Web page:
Frequently Asked Questions (or at least questions asked by me). There is no particular order. I may color code questions by category as I add to the list.
1. Do I need to rent a hotel room for my spouse for the week?
- No! We put in a timeshare request for the week at the Hyatt dowtown. The only time my husband used it was to shower twice. When I decided that I wasn't comfortable taking either a subway or a cab to my surgery on Monday morning, we booked a room for two nights (Sunday and Monday) at the Best Western at Longwood (cost with parking about $200/night with medical rate). So I stayed there with Mike on Sunday night, then he had a place close enough to go back and forth all day Monday and Monday night. On Tuesday he just stayed with me on a cot in my room. He said it was not uncomfortable and actually more comfortable than some pull-out beds. We fretted over the cost of a hotel room for the week and were thrilled when the timeshare came through. The only down side was when my surgery got moved. Timeshares are not flexible. Since this was a hotel room exchange I did call and they accommodated us. If we had known to ask about a cot early on or knew the cot was comfortable we would not have even thought about the hotel room. Beth Israel is very accommodating and resourceful.
- Absolutely essential for showering alone was the marsupial pouch. I only needed it until I was down to one drain. For showering I put a steady chair in the shower and used the hose. It was very much like showering at the hospital.
- I wondered this too, UNTIL I saw how puffy my hands were from the IV fluids. My hands, particularly my left hand was about the size of a baseball mitt. For the first couple of days I don't think I moved them very much, not sure why. But as soon as I could I started moving them around which helped with the swelling. What really helped was being unhooked from the IV.
- This is a very broad question; however once you are in your hospital room and out of recovery there is some routine to your day. Early in the day your doctors visit, not all the first tier, but many of the people involved in your care. Then there is the person who takes vitals. Then the nursing staff does a staff change and your night nurse will introduce you to your day nurse. About this time your pills are brought in, which for me was Percocet, antibiotic, aspirin, Colace and possible Sennakot. Later in the day they came with a needle full of Heparin which was injected into my thigh. Let me tell you, I used to be squirmish around needles. But after this experience getting an IV into very tiny veins doesn't seem like much pain at all. Even after my IV was pulled, I still had to keep the needle hooked up in my arm. During all of this you can order room service for your meals. No one will come in and tell you it's time to order food. On day one they give you a menu and you just use the phone to call. The food is actually pretty good. Plus, my husband, who rarely left my room, was able to order from the menu as well. It was nice being able to share meals. Early on, I had to call a nurse each time I wanted to get out of bed, but as time went on my husband was able to do that for me.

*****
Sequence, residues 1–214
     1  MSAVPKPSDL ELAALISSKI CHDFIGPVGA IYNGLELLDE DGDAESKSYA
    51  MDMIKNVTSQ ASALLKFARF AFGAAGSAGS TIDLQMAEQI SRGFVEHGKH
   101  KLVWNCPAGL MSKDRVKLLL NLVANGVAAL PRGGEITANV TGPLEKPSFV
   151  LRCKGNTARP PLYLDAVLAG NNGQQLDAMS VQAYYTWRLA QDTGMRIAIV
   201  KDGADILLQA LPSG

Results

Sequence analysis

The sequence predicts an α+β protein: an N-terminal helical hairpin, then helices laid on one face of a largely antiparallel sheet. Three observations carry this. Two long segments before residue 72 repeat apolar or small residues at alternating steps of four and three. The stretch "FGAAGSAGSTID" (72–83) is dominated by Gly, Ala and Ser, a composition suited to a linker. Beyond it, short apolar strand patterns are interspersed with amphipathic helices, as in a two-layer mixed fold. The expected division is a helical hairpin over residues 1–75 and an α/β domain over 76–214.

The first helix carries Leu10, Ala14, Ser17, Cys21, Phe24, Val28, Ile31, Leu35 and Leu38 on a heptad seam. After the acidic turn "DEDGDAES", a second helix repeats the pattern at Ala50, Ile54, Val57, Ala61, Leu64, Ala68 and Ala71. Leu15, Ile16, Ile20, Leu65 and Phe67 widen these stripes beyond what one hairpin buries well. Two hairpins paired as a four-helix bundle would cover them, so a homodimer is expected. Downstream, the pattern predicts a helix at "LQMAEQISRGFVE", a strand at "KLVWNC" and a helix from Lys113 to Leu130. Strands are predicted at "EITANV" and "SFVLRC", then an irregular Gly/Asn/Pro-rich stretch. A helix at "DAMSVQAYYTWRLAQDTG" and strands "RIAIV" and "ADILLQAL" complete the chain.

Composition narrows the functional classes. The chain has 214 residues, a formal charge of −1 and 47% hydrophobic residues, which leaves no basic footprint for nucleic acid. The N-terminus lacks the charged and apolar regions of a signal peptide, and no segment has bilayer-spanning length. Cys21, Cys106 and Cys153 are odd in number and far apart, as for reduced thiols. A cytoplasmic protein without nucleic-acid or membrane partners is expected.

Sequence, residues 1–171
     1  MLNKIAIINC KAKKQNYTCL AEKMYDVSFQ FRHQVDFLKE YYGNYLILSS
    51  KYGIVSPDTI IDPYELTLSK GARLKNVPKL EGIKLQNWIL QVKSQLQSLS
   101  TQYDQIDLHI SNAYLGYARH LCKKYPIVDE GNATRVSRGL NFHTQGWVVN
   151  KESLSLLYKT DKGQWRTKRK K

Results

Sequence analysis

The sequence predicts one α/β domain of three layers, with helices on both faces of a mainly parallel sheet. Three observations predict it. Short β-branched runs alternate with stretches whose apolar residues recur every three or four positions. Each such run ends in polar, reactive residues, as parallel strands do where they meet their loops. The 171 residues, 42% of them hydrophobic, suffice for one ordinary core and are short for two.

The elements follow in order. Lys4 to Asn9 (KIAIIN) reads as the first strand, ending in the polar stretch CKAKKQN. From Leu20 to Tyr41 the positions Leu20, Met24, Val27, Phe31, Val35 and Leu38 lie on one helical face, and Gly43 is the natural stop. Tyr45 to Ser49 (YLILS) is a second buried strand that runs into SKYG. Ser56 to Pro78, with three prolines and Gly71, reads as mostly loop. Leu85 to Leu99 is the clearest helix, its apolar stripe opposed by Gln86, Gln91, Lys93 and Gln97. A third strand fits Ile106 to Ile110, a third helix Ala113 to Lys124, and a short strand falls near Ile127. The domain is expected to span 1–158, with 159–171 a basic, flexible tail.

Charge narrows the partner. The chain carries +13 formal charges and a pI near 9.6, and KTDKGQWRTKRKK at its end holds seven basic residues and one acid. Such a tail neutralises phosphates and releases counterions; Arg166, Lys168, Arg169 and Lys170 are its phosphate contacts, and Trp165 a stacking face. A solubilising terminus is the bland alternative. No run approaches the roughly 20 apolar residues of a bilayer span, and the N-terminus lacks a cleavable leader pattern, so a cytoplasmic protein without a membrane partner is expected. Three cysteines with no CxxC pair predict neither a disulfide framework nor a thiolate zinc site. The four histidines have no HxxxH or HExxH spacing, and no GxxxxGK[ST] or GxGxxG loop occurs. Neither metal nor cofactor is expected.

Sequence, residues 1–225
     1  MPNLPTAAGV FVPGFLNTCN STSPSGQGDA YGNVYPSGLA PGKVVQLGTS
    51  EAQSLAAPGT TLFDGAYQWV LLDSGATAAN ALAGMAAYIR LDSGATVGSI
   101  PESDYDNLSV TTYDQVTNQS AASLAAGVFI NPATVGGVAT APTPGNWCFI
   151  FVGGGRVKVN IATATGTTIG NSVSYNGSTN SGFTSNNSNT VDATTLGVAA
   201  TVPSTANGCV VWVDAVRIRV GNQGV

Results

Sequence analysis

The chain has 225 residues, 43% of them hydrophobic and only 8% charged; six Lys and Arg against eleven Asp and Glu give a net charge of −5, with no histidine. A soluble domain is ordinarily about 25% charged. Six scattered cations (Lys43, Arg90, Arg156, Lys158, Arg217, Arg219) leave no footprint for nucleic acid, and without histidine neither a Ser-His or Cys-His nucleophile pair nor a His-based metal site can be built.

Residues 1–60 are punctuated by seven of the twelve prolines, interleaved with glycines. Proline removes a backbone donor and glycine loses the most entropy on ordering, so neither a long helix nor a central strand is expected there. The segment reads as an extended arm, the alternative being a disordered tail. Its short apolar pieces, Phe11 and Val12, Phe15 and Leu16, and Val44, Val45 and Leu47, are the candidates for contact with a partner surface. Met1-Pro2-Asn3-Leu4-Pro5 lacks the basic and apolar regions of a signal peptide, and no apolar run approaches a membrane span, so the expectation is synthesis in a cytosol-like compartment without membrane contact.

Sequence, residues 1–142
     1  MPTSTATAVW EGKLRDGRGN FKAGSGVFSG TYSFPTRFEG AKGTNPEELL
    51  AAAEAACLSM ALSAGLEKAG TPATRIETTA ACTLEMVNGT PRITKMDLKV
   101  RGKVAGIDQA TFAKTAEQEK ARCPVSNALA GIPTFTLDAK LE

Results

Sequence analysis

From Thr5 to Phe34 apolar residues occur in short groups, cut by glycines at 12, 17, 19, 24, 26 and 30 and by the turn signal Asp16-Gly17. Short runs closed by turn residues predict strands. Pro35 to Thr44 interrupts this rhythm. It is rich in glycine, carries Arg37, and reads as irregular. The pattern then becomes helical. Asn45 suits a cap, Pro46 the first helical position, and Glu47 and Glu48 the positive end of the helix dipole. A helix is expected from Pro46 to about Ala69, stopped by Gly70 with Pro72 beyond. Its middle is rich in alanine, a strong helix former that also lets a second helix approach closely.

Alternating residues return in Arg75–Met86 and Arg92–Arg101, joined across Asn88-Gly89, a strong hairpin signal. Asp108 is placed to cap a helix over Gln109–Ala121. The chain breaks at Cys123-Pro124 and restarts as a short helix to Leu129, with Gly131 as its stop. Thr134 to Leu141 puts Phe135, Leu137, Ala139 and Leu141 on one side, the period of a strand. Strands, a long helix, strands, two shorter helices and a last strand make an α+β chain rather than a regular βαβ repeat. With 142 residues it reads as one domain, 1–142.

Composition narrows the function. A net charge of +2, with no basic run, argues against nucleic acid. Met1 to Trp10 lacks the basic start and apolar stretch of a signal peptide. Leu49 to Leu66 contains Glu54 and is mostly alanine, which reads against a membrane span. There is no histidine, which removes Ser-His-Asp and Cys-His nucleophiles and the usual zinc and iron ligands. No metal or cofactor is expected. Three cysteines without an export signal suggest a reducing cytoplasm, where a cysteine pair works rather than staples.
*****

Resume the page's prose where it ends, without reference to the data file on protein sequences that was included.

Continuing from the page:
- Maybe I was in worse shape than most, but I really didn't need much of what I brought. Chapstick was good. A hair dryer would have been nice once I could shower, but not essential. My own little fuzzy socks were better than the loose-fitting hospital socks. Other than that I wore a johnny. When I went walking they put another johnny over my shoulders to give me some privacy. Not that I would have cared, but it was a nice gesture. I did use some Oil of Olay facial wipes the day before I could shower. I took books and friends gave me magazines, but I wasn't really able to read - it was hard to focus. The tv was on the first day all day - it was all about the flooding in RI and MA. After that we turned it on only for the shows we like and then we typically fell asleep before they finished. For me having my little point and shoot camera was essential. I hadn't realized that I would blog the whole journey, but would rather just have the photos for me.
- Why not! It keeps loved one informed and it is a great way of tracking your progress. I plan to turn my blog into a blook (book) when I have finished with all the stages of my reconstruction. Then I plan to leave the blog online for others who may just be beginning their own journey. I know how much it helped me to follow the blog of a friend who had had a PBM with DIEP a few weeks before me.
Will I be able to climb stairs?
What will I feel like?
What do I really need at the hospital?
How do I handle a long ride home?